- The Washington Times - Monday, April 3, 2000

Anti-American 'Beauty'

"Whether or not 'American Beauty' is anti-American, it's certainly anti-'burb, and therefore, given that more Americans live in the suburbs than live in either town or country, it's implicitly anti-audience. Incidentally, if the film industry is so anti-suburbs, why doesn't it stop putting multiplexes there? … [F]or the most part, you can only see 'American Beauty' in soulless boxes beached in the middle of strip malls on the edge of the ghastly non-communities the film professes to deplore… .

"But aside from that, 'American Beauty' is not just an assault on the emptiness of the American Dream, it's an assault on the emptiness of the American Dream by a foreigner. By a snotty Brit! …

"Who'd believe in 2000 they'd still be making movies about stultifying 1950s conformity and sexual liberation? That war's long over and Hollywood won.

"Have [British director Sam] Mendes and [screenwriter Alan] Ball ever been to a suburb in the last quarter-century? There's all the sexual liberation you could want… . Whether they're any happier for throwing off the shackles of Eisenhower's America for the [disreputable] pleasures of Clinton's America is a moot point, and given the mountain of human wreckage piled up in the last 30 years, worth exploring. But although this is Mendes and Ball's first film, they're happy to serve up the same old line Hollywood's been peddling for decades. If anyone's trapped in dull conformity, it's them."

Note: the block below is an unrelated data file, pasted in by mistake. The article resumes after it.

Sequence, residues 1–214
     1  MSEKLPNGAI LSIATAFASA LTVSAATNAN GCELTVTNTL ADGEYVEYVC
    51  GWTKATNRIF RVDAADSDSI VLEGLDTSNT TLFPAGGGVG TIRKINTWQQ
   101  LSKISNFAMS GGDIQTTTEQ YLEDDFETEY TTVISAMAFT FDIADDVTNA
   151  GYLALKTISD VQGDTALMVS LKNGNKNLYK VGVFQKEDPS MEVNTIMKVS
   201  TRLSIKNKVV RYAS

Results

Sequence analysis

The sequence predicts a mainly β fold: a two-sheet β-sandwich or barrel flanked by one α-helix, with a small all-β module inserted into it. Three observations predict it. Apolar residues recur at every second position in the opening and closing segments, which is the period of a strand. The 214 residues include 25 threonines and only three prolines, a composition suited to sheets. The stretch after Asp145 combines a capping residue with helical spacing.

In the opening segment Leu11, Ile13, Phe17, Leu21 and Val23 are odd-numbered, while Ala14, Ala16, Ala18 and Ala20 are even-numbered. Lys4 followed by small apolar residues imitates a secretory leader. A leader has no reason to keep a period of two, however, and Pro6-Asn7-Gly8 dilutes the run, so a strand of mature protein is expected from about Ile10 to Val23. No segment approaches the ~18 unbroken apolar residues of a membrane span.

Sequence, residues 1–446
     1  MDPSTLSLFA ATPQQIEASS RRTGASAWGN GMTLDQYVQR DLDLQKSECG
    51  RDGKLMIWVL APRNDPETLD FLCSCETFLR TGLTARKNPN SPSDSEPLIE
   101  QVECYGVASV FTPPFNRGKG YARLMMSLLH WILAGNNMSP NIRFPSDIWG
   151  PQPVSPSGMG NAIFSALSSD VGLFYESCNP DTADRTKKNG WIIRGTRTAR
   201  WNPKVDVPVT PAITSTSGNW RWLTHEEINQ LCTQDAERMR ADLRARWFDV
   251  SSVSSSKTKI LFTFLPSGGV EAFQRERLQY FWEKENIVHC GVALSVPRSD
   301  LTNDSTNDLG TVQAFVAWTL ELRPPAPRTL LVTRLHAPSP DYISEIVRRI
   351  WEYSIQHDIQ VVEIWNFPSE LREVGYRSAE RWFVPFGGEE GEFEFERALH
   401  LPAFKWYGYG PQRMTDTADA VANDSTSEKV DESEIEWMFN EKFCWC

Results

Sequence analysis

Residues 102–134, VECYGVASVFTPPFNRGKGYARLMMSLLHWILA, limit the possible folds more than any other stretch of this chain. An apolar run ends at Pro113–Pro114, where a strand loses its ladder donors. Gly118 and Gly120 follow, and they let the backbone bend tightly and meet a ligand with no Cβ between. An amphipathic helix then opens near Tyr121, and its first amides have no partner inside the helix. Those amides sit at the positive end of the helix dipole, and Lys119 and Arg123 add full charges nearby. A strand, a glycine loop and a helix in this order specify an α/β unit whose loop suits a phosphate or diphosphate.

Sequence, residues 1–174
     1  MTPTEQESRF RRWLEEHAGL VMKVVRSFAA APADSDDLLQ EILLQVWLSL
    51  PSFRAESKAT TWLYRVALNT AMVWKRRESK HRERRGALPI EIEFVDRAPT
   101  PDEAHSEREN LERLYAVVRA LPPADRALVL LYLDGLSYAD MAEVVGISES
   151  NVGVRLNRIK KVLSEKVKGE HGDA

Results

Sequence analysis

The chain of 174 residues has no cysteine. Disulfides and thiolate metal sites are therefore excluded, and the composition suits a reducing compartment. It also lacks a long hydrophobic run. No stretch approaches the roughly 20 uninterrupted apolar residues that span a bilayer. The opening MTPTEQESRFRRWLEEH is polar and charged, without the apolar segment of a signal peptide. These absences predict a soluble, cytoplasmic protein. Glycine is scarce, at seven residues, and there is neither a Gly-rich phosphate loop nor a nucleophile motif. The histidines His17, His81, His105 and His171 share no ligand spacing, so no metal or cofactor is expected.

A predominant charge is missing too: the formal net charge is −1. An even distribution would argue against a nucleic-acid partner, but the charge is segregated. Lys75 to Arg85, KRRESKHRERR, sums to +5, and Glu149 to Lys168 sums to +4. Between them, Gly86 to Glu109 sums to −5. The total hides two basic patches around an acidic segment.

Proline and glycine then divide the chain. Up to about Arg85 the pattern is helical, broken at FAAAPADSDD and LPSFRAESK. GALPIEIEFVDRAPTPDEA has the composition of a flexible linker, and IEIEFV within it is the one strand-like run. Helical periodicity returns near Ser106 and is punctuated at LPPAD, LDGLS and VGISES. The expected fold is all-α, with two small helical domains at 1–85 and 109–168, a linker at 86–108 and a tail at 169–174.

Mark Steyn, writing on "Ars Suburbia," in the April issue of the American Spectator

'Common-sense' Hillary

"Well, my gosh, I've gone from a Barry Goldwater Republican to a New Democrat, but I think my underlying values have remained pretty constant. Individual responsibility and community I don't see those as mutually inconsistent. I think our politics of the last 30 years has been fraught with false choices that I don't think reflect the common-sense pragmatic progressive strain of American politics that I've always identified with… .

"[The 1994 health care plan] collapsed when Senator Dole decided that he was going to run for president. And he was advised by Republican strategists that they didn't want any kind of health-care bill… .

"We all learned a lot from the health-care experience."

Hillary Rodham Clinton, interviewed by Michael Tomasky, in the April 3 issue of New York

Mid-life babies

"Until Cheri Blair joined the exclusive pantheon of 40ish celebrity mothers, it was generally acknowledged that its members were unusually lucky or foolhardy, depending on how you felt about their achievement. Mrs. Blair is different. Unlike the usual elderly gravida, whose conception is generally admitted to be a triumph, even a miracle, achieved after years of longing and/or medical intervention, her pregnancy has been presented as a happy accident, the consequence of her sheer, irrepressible, middle-aged fertility… . [W]omen are now being given the news they have wanted for so long: biology can be vanquished, fertility can proceed unimpaired, well into middle age… .

"The truth, as older patients at infertility clinics instantly discover, is that the average success rate for [in-vitro fertilization] is still stuck at a miserable 17.4 percent, overall, much lower for women over 38… . [Doctors'] advice for young women who know they want babies is unchanged: have them in your early 30s or better still, your 20s. One infertility specialist said recently that his advice, when asked by a 39-year-old woman when to start trying for a baby, was 'yesterday.'

"If this sounds brutal, it is at least more responsible than the current vogue for fantasy fertility."

Catherine Bennett, writing on "Fantasy Fertility," in Thursday's (London) Guardian

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